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Teacher Assistance Team (T.A.T.)
Teachers have always been challenged, sometimes puzzled, and frequently frustrated when a student does not "fit it" with the rest of the class. Every teacher has experienced the student who acts inappropriately or disruptive, or who seems to lag behind the class academically. Both teachers and parents know that this student needs help. The Teacher Assistance Team addresses the challenge of helping students who are having trouble in school through a positive, success-oriented approach that uses specific assessment and intervention tactics to help remove educational and behavioral stumbling blocks for elementary children in the regular classroom.
Additionally, for those students who are in need of enrichment activities, the Teacher Assistance Team functions as a resource to help those teachers support students in need of a more rigorous curriculum.
Nottingham West uses a Team Approach designed to assist students to function successfully in the elementary school environment.
The goal of the Teacher Assistance Team is to build a cooperative interdisciplinary team that works together to help students:
- increase academic learning
- increase appropriate behaviors
- increase motivation
- support teachers in instruction
- increase professional partnerships
Overall, the Team tries to maximize individual student success in regular classes. Successful implementation of instructional support typically leads to a decrease in the number of referrals and placements of students in Special Education classes, and an increase in the strategies used by teachers which lead to success for all teachers.
Support for Teachers
The Teacher Assistance Team is based on the concept that teachers need assistance in meeting the increasingly complex, behavioral, social and emotional needs of their students. The TAT is a working group of teachers and other school professionals that help teachers find solutions to their instructional challenges through precise, classroom-based assessment and collaborative problem solving. Specialists brainstorm strategies and the implementation of interventions for students who are academically, socially, and/or behaviorally challenged or in need of enrichment. Through the collective effort and synergy, which exists through the brainstorming process, it is hoped that for many students the TAT will provide the support and expertise necessary to help classroom teachers ensure student success.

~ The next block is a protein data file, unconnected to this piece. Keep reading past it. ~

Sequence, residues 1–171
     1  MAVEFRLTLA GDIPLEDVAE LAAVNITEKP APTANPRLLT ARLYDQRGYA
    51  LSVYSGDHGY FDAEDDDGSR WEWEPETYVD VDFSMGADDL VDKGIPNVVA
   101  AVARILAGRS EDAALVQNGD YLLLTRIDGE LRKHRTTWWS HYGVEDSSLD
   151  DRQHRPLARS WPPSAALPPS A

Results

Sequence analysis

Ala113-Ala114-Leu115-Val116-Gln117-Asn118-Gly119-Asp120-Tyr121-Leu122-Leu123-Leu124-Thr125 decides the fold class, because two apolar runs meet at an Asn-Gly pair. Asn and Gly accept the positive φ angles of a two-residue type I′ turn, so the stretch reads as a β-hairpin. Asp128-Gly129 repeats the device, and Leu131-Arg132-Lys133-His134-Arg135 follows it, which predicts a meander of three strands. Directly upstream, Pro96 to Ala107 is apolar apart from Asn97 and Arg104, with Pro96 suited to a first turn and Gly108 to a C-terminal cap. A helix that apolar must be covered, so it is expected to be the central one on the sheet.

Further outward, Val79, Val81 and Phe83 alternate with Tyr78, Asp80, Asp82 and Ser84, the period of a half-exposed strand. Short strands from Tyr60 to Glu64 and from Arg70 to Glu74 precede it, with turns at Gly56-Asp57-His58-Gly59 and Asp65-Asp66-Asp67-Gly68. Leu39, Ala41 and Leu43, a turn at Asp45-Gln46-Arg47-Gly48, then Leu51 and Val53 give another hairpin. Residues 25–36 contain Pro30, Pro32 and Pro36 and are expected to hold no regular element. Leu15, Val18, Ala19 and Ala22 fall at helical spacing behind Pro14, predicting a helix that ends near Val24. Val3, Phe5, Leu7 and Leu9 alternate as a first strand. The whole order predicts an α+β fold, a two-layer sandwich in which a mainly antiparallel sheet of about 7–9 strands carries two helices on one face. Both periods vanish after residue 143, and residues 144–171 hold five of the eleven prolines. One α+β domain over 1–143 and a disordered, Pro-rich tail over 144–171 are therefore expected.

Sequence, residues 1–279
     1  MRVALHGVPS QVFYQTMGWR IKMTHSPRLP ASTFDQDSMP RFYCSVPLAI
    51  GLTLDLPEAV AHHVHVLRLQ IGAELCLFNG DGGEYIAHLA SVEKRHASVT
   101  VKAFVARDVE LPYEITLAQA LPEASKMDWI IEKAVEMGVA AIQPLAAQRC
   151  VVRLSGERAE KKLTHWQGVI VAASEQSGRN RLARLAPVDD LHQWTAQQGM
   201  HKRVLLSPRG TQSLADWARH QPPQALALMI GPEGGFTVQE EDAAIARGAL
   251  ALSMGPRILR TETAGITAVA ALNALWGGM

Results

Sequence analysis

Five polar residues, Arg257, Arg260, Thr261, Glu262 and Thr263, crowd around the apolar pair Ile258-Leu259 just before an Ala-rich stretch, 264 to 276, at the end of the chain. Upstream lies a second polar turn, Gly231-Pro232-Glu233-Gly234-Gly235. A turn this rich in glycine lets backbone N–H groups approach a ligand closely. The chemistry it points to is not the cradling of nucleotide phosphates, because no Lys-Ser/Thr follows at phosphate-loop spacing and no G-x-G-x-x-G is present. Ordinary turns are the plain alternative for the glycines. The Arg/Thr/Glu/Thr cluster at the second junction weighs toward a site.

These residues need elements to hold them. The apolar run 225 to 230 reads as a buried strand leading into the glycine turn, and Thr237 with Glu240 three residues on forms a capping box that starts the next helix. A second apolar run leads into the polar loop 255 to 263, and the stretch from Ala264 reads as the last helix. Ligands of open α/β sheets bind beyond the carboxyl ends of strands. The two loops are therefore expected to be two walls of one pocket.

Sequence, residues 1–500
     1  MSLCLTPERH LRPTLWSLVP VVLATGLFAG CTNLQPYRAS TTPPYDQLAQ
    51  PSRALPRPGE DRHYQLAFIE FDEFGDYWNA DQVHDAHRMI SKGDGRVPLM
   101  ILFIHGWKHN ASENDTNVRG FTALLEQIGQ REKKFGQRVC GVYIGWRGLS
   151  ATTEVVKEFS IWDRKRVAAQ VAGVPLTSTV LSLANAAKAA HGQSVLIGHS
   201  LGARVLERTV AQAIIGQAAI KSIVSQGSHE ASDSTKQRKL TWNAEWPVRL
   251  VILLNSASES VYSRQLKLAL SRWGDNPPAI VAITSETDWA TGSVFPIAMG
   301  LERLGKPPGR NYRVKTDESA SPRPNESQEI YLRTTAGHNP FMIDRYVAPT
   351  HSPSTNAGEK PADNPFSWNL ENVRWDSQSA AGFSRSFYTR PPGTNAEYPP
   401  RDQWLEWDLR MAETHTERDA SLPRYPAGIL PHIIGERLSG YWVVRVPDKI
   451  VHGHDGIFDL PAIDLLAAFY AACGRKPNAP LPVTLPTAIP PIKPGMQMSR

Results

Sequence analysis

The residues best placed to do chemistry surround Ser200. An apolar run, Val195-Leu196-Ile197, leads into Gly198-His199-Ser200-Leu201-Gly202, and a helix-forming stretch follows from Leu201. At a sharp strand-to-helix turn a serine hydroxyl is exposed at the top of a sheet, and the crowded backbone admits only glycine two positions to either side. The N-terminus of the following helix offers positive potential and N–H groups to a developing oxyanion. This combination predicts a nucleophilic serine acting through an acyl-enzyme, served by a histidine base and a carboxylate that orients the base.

This non-threatening atmosphere helps teachers recognize that they are not solely responsible for resolving a student's difficulties; rather, the entire school has a role in each student's success. The TAT is to use the resources currently existing in the building to help teachers design, execute and evaluate interventions for children at Nottingham West. The TAT works to assure that the entire continuum of regular education services are coordinated in meeting the needs of all students. Too often a student fails in spite of a wide range of available programs because services are not coordinated to meet the student's needs. The TAT process directly addresses service coordination so that students do not fall through the cracks.